UNITED STATES of America, Appellee, v. Marcio De OLIVEIRA, Appellant.
Marcio De Oliveira (“De Oliveira”) pled guilty to two counts of harboring illegal aliens, in violation of 8 U.S.C. § 1324. Prior to sentencing, De Oliveira moved to withdraw his guilty pleas; however, the district court denied his motion and ultimately sentenced him to fifty-one months of imprisonment after finding several sentencing enhancements. De Oliveira now appeals, challenging the denial of his motion and three of the enhancements. We affirm in part, reverse in part, and remand for resentencing.
On March 25, 2009, Special Agent Paul Cottrell (“Agent Cottrell”) of United States Immigration and Customs Enforcement (“ICE”) received a tip that numerous undocumented workers were living in extremely poor conditions in two homes. More specifically, the concerned citizen stated that one residence did not have any heat and neither residence had any food. Agent Cottrell visited the homes the following day and discovered thirteen undocumented workers in the residences. He also discovered that one of the residences did not have heat, despite it being forty-five degrees outside, and the only food present was that provided by the concerned citizen.
Upon further investigation, Agent Cottrell learned that a total of twenty-six individuals lived in both residences, even though one of the homes was designed to only house four people and the other six. Agent Cottrell also learned that twenty-four of those individuals were undocumented workers and that twenty-three of them were employed by De Oliveira to lay cable for Allwire Communication (“Allwire”). Allwire subcontracted with De Oliveira through his company, Molink. Agent Cottrell further learned that De Oliveira had rented the residences for the workers but that he had otherwise failed to pay any of the workers in over four weeks. According to the workers, this lack of pay prevented them from leaving because they could no longer afford to purchase food, let alone secure transportation.
On March 27, 2009, Agent Cottrell spoke with De Oliveira. De Oliveira admitted that he rented the residences for the workers, that he provided equipment and instruction for the workers, and that he had not paid them since February 21, 2009. De Oliveira also acknowledged that he knew the workers were “foreign nationals,” by nodding his head in the affirmative after Agent Cottrell asked him.
De Oliveira was subsequently indicted, and on August 28, 2009, De Oliveira appeared before the district court to plead guilty to two counts of harboring illegal aliens. During the change-of-plea hearing, De Oliveira initially equivocated on whether he knew that his workers were illegal aliens, thereby prompting the following exchange between the district court, defense counsel, and De Oliveira:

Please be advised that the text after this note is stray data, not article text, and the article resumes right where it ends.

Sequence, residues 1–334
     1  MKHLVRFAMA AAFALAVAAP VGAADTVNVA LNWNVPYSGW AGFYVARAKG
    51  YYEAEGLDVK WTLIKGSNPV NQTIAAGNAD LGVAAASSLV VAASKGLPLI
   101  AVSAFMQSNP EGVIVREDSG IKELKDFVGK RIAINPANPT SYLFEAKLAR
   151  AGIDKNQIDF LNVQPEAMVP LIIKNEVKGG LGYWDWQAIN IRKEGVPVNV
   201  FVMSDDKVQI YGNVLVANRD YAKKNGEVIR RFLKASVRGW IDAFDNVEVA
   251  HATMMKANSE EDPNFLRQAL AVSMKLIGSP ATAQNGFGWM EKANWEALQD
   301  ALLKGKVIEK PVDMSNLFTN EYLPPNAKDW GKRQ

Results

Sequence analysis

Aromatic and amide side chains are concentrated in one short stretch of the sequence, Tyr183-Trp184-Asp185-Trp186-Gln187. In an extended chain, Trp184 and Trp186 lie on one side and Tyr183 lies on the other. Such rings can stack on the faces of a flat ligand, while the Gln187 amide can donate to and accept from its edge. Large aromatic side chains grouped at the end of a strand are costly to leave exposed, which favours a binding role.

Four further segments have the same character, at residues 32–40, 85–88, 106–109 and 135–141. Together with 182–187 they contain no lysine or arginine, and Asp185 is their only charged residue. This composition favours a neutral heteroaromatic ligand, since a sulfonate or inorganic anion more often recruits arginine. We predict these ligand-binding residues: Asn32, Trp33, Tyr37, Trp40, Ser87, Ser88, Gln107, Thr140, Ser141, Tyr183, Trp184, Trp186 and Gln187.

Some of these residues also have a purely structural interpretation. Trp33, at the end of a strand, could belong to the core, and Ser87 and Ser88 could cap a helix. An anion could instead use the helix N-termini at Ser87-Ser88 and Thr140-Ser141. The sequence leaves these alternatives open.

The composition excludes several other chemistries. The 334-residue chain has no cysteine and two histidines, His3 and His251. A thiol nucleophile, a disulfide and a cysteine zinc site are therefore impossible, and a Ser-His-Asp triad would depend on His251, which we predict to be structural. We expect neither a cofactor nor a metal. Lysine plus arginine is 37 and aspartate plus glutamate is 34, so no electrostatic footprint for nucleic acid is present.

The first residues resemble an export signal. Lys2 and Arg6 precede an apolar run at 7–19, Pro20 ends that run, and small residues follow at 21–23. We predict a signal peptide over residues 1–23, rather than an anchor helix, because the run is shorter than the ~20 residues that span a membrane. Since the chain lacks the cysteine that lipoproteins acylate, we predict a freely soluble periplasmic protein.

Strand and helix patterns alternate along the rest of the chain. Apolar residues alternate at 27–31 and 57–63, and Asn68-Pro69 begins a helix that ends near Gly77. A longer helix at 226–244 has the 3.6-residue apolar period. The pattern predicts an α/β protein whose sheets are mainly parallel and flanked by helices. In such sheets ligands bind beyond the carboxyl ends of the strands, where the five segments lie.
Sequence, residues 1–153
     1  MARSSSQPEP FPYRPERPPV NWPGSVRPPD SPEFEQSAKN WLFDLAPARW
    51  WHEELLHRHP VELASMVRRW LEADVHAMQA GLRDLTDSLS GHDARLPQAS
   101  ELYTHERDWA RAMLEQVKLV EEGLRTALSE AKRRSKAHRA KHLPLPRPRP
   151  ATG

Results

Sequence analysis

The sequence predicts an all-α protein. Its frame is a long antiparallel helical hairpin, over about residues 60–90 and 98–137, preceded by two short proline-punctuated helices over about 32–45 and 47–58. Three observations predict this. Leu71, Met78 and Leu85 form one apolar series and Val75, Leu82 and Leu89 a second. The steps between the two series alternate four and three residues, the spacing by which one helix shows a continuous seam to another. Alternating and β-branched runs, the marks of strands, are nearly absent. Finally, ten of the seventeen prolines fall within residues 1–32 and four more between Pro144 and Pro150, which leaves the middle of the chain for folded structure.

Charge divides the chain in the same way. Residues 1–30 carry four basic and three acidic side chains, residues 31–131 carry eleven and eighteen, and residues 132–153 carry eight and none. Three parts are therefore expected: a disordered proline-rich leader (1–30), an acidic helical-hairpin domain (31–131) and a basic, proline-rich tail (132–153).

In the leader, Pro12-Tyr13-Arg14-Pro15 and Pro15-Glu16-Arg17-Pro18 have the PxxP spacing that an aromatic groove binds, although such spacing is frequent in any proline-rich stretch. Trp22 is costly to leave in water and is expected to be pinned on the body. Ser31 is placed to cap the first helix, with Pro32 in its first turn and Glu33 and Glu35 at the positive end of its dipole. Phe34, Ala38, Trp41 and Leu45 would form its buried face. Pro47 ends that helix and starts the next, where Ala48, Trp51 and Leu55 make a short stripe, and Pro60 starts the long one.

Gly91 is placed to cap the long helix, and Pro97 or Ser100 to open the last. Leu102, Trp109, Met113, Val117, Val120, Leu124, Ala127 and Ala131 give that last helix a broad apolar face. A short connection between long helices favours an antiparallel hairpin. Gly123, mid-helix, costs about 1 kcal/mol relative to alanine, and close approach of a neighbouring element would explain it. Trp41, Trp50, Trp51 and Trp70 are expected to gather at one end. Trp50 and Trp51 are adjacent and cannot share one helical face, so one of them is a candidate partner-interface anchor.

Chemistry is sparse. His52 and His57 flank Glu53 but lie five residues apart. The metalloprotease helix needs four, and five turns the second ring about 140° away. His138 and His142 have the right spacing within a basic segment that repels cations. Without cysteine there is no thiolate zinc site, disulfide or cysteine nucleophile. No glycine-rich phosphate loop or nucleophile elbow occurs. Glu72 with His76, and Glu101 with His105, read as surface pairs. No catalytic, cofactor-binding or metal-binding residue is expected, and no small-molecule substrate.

The Court: I don't think it's a crime to harbor foreign nationals. I think it's a crime to harbor if they're illegal aliens, and I don't want there to be any question about that. Do you concede, [counsel], that he admits on the record he knew they were illegal aliens?
[Defense Counsel]: Yes, Your Honor, I do.
The Court: Is that true, Mr.-
The Defendant: Yes, sir.
Thereafter, the district court accepted his guilty pleas and set the matter for sentencing.
On January 27, 2010, less than a week before the scheduled sentencing, De Oliveira's newly obtained counsel moved to withdraw the guilty pleas on the grounds that he was factually innocent of the charges and that his initial counsel, Herbert Southern (“Southern”), effectively coerced him into pleading guilty by failing to prepare for trial. On February 1, 2010, the district court heard testimony on the motion, rejected it, and then proceeded to sentencing. During the sentencing, the district court found several Guideline enhancements over the objections of De Oliveira, including a three-level enhancement under U.S. Sentencing Guidelines § 2L1.1(b)(6) for creating a substantial risk of bodily injury to another; a four-level enhancement under U.S.S.G. § 3A1.1(b) for knowing that his criminal conduct involved a large number of vulnerable victims; and a two-level role-in-the-offense enhancement under U.S.S.G. § 3B1.1(c) for being an organizer, leader, manager or supervisor of criminal activity. De Oliveira now appeals each of these rulings, essentially claiming that the district court abused its discretion in denying his motion to withdraw and misconstrued both the record and the law on finding the sentencing enhancements.
A. The Motion to Withdraw the Guilty Pleas.
“A defendant may withdraw a guilty plea before the court imposes sentence if ‘the defendant can show a fair and just reason for requesting the withdrawal.’ “ United States v. Murphy, 572 F.3d 563, 568 (8th Cir.2009) (quoting Fed.R.Crim.P. 11(d)(2)(B)). “Defense counsel's performance can serve as the requisite fair and just reason for withdrawal [of a guilty plea] only if [the defendant] demonstrates both that his attorney's performance was deficient and that he was prejudiced by it.” United States v. McMullen, 86 F.3d 135, 137 (8th Cir.1996) (internal quotation and citation omitted).
If the district court determines the defendant has presented a fair and just reason to withdraw his plea, the court may consider several other factors, such as, “whether the defendant asserts his legal innocence of the charge, the length of time between the plea and the motion to withdraw, and whether the government will be prejudiced by the withdrawal.”